Sam Ruby writes:
Many SOAP stacks these days come with automatic roadmap dispensers. Simply append a "?WSDL" to the URL and out pops the description of the service. Many alpha males will tell you that they don't need to ask for directions. But I suspect that these roadmap dispensers will be heavily used.
Absolutely. When services are consumable by namespace completion in an editor, like so:
Then we get the kind of network effect we all want. What matters is not only the number of SOAP endpoints that exist, but the number that are actually used, and "roadmap dispensers" are critical. Automatic testers are darned handy too:
Necessary? No. Desirable? Hugely. I want this, everybody should want this. And it looks like we're going to have it. The tension here, as always, is between what is considered the bare minumum interoperable core, and what is considered optional. If WSDL is not considered core, and isn't everywhere, that will compromise the vision displayed in these images. If it is considered core, it raises the bar on resource-constrained implementors. There's an inevitable and natural tension between these two positions.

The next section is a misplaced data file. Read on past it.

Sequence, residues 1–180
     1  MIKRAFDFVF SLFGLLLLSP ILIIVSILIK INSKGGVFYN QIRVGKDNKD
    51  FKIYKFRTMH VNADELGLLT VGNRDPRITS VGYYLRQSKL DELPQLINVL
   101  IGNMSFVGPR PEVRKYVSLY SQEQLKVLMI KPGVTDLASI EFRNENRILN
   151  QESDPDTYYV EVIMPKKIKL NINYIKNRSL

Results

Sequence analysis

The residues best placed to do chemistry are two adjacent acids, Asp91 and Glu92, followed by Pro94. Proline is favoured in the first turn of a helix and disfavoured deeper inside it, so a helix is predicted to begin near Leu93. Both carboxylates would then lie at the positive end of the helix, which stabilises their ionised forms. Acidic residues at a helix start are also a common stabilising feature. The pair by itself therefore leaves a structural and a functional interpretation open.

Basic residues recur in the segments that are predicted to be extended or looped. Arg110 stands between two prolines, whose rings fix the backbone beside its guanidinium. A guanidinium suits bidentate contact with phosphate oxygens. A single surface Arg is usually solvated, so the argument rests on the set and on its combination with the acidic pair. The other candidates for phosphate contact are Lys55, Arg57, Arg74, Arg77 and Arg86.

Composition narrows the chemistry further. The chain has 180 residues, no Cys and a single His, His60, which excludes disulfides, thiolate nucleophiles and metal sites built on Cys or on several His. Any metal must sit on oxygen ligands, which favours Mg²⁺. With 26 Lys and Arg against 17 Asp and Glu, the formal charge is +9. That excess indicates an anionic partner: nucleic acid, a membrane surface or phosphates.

John Robb wrote privately to say:
You are pointing to images on your Weblog that are located in your desktop folder (so they are not visible). They have been upstreamed to your cloud.
Thanks, John. This is exactly what I was testing. Here's what I learned:
Obviously most users are not going to figure this out. Just as, years ago, most did not figure out how much writing and illustrating and cross-referencing power was built into the mail/news client that they ran every day. We have a chicken/egg situation here. Hypertextual writing, using words and pictures and links, with fluid transitions among local and remote resources, remains difficult. This exactly parallels the WSDL discussion. Until users can take for granted that in any web writing environment, images and text can be dragged and dropped, and everything will just work, we'll keep missing out on an important network effect.
And now, I'm going to switch back to Source view and re-fix those links which the Edit control has re-broken. Radio can fix this particular glitch by rewriting what the DHTML edit control does, before upstreaming. But the general issue of how we get to a universal canvas remains, well, a general issue.
PS: One more wrinkle. Using . was OK for the homepage, but I forgot this item is echoed into categories and an archive page. So I'm redoing the . as a full reference to the public site.
Former URL: http://weblog.infoworld.com/udell/2002/01/24.html#a38